7 June 2017

The Curious Incident Of The Dog In The Night-Time - Theatre Royal

I remember reading The Curious Incident (I think I’ll shorten the title to that to save my fingers and your time) about thirteen years ago, not long after it had been published in 2003. Mark Haddon’s tale of Christopher Boone, a fifteen year-old boy with ‘behavioural problems’ who happens to be a maths genius definitely struck a chord with me at the time. I think it was the way it was written from his perspective, giving an insight into having an ‘unusual’ and often misunderstood brain that pulled me in, and the millions of others who have taken the book to their hearts over the years. 

Lucianne McEvoy, Oliver Boot and Scott Reid (Christopher Boone), Bruce McGregor
Following the success of the novel (which won Whitbread Book Awards and the Commonwealth Writer’s Prize) it seemed natural that at some point it would be adapted for the stage. Five years ago, Simon Stephens’ adaptation premiered at the National Theatre (directed by Marianne Elliot) to critical acclaim (it has since won seven Olivier Awards and five Tony awards). After half a decade in the West End, the production is touring the UK and Ireland, giving theatre lovers and fans of the book the opportunity to see this moving adaption. 

Despite incredible performances by the cast, it’s impossible to talk about the play without first enthusing about the staging. From the first moment I was mesmerised by the stage, and the beauty of LED grids, images and words (even constellations and maps) projected onto all surfaces, the sheer brilliance of the technology involved (how you incorporate a moving train set into the stage is beyond me). The grids and lighting projections are cleverly used to create Christopher’s neighbourhood, complete with house numbers, with white blocks cleverly used for everything from TVs to seats to luggage on a train. 

The staging is amazing 
It takes a while to process the imagery of the opening scene - a neighbour’s dog skewered to death with a garden fork, its corpse outlined with chalk, a ‘murder scene.’ We learn that Christopher is a big Sherlock Holmes fan (the title of the book/play is an Arthur Conan Doyle quote), and decides to solve the mystery of the dog’s murder, despite his permanently worried father telling him to stay out of other people’s business. The initial mystery ends up morphing into a much more personal quest. The play switches between narration at points by Christopher’s teacher Siobhan and live action, and is effectively a “play-within-a-play.”

The cast portray all walks of life in this typical estate in Swindon (they are seated around the stage when not involved in the action) with many laugh-out-loud moments (I completely approve of in- depth discussions about Battenberg cake). The action switches between the neighbourhood and Christopher’s school, which we quickly learn is a special needs school (it’s implied that Christopher has Aspergers Syndrome based on his inability to understand metaphors, behavioural issues and mathematical brilliance). His relationship with his teacher Siobhan is touching; she teaches him how to deal with society and how to interact with the world better. 

I was surprised and moved by the physical theatre involved, and the use of movement to portray Christopher’s topsy-turvy and often confused interaction with the world. At one point he is lifted by his cast members to pretend he’s floating in space; later on in the play when he bravely ventures to London on the train, he is flipped and turned upside down to depict his disorientation in this strange and overwhelming place. There’s also a fight scene which is particularly well choreographed, and flashback scenes which are technically brilliant.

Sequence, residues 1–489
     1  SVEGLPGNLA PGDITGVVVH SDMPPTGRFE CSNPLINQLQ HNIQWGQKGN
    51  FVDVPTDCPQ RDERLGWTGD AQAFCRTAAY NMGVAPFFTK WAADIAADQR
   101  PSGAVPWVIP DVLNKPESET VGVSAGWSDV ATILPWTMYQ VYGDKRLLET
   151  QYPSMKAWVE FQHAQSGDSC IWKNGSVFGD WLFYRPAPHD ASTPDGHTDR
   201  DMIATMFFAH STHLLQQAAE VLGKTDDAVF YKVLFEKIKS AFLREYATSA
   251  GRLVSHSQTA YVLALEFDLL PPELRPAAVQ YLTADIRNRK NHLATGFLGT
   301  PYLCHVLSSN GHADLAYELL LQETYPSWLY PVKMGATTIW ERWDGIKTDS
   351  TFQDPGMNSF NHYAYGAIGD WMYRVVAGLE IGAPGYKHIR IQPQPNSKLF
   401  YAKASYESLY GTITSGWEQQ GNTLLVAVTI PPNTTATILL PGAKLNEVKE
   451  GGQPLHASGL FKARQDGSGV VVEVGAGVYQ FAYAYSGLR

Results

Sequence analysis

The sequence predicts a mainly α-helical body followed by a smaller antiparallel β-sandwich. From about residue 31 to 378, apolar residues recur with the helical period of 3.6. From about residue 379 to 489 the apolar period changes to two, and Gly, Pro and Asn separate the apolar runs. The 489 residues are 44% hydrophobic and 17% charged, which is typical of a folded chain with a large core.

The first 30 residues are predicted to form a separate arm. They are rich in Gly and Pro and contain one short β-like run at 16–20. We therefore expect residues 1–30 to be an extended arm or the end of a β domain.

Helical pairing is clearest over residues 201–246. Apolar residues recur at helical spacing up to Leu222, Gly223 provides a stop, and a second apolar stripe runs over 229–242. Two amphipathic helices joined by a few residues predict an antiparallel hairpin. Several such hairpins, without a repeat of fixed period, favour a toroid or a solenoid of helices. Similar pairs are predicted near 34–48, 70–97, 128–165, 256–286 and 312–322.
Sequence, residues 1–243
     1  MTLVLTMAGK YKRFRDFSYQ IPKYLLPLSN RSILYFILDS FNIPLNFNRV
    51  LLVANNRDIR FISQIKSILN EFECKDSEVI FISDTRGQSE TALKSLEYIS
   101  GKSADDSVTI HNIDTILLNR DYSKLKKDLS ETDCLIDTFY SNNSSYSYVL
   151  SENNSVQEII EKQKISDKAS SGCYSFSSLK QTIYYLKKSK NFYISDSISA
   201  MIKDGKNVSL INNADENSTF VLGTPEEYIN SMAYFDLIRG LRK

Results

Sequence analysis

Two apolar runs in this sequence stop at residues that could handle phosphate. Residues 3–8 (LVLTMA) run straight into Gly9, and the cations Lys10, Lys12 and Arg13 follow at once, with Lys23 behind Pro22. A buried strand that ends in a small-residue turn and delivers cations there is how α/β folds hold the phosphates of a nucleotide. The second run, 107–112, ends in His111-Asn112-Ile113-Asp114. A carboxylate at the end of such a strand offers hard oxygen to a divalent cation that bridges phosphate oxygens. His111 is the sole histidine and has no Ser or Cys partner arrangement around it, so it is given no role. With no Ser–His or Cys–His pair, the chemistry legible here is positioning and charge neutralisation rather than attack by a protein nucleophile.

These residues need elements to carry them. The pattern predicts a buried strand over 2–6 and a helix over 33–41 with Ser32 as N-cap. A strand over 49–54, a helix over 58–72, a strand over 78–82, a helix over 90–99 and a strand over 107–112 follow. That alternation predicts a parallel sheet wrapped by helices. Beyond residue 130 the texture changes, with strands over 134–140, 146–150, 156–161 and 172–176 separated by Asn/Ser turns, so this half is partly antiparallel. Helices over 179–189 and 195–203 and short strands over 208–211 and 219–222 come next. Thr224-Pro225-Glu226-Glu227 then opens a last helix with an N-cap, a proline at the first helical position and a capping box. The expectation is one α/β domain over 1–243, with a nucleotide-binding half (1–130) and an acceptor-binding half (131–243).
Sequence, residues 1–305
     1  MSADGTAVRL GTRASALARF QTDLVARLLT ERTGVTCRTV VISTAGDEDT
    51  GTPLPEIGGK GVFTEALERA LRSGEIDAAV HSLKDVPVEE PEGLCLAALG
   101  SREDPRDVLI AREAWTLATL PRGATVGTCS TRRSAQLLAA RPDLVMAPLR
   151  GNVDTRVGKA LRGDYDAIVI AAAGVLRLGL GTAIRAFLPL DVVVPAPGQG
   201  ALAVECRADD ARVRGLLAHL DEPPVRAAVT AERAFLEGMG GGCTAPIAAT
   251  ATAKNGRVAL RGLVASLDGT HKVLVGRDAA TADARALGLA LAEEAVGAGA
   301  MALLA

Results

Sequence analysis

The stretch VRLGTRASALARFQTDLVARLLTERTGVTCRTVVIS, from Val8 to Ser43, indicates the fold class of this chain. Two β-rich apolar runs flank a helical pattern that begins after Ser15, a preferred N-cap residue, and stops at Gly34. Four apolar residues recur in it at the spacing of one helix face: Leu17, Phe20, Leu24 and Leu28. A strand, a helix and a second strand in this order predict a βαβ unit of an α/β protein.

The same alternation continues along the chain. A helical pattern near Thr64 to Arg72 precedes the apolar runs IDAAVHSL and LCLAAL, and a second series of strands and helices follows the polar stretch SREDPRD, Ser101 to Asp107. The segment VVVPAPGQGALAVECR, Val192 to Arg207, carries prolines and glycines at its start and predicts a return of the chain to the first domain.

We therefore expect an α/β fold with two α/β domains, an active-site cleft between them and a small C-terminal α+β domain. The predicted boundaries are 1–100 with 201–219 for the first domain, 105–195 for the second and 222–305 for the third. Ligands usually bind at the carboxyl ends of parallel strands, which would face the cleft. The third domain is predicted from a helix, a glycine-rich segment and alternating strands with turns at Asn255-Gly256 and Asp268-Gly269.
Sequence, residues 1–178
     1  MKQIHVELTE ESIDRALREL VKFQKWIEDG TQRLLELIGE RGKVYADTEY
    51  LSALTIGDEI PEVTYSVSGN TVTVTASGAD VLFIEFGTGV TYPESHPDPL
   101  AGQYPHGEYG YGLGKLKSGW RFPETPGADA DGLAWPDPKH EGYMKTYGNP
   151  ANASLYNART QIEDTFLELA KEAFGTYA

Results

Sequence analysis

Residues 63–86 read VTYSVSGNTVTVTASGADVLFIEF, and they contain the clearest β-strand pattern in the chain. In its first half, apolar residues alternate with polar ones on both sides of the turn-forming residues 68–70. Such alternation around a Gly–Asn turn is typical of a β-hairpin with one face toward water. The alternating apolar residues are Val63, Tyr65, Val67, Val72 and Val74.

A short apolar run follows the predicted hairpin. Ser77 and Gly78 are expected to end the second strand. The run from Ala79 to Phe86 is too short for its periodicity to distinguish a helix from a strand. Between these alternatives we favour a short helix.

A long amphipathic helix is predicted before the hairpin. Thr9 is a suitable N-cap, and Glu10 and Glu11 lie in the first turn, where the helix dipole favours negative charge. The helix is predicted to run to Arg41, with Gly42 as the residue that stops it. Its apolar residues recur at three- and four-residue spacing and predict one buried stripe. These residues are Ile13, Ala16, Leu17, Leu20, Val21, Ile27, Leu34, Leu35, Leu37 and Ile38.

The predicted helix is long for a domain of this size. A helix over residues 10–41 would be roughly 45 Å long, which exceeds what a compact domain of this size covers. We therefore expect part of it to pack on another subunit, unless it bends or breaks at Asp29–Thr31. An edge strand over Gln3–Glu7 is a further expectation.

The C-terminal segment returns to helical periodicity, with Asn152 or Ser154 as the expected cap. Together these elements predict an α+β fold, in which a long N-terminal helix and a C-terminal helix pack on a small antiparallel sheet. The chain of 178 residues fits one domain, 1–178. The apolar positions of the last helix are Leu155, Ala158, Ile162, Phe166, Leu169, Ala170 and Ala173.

Curious Company 
The use of props was imaginative (a scene where Christopher is rummaging around under his bed in the dark is so creatively brilliant) and I strangely enjoyed how sections of the walls could be opened and closed.  Fragments of the book came back as I watched (it’s funny how we forget so many details and I thought to myself how great it is that audiences get to witness the emotional intensity of this production, especially those that might not have read the book. At one point I nearly cried at the beauty of papers falling from the sky onto the stage above Christopher, and what they signify for him. 

Despite all of Christopher’s issues, family problems, and challenges interacting with the world around him, the production is full of humour, which is perfectly timed and necessary to balance out some of the more difficult moments. Scott Reid’s portrayal of Christopher is flawless and totally believable, instantly making us empathise with his situation and want to understand the inner workings of his complex mind (and root for him as the story develops). David Michaels as Christopher’s father Ed expertly conveys the frustrations and worry that comes with parenting a child who is ‘different’ and Emma Beattie (Judy Boone) shines as Christopher’s mother who tries to repair their estranged relationship. I also enjoyed Lucianne McEvoy’s performance as Siobhan/the narrator, who really captures Christopher’s soul and gives us even more insight into what makes him tick. If you go along, don’t dash off too quickly at the end (you’ll see what I mean). 

Christopher (Scott Reid) and Ed (David Michaels)
In the end, it’s so much more than just a novel or a play. It challenges the labels we use for people who don’t fit into societal norms, how we understand each other as human beings and is a testament to the courage of the human spirit. As Mark Haddon says in the programme, “Curious is not really about Christopher at all. It’s about us.” 
The Curious Incident Of The Dog In The Night-Time runs is showing at the Theatre Royal until 10th June. To book tickets click here 


Find out more about the production here 

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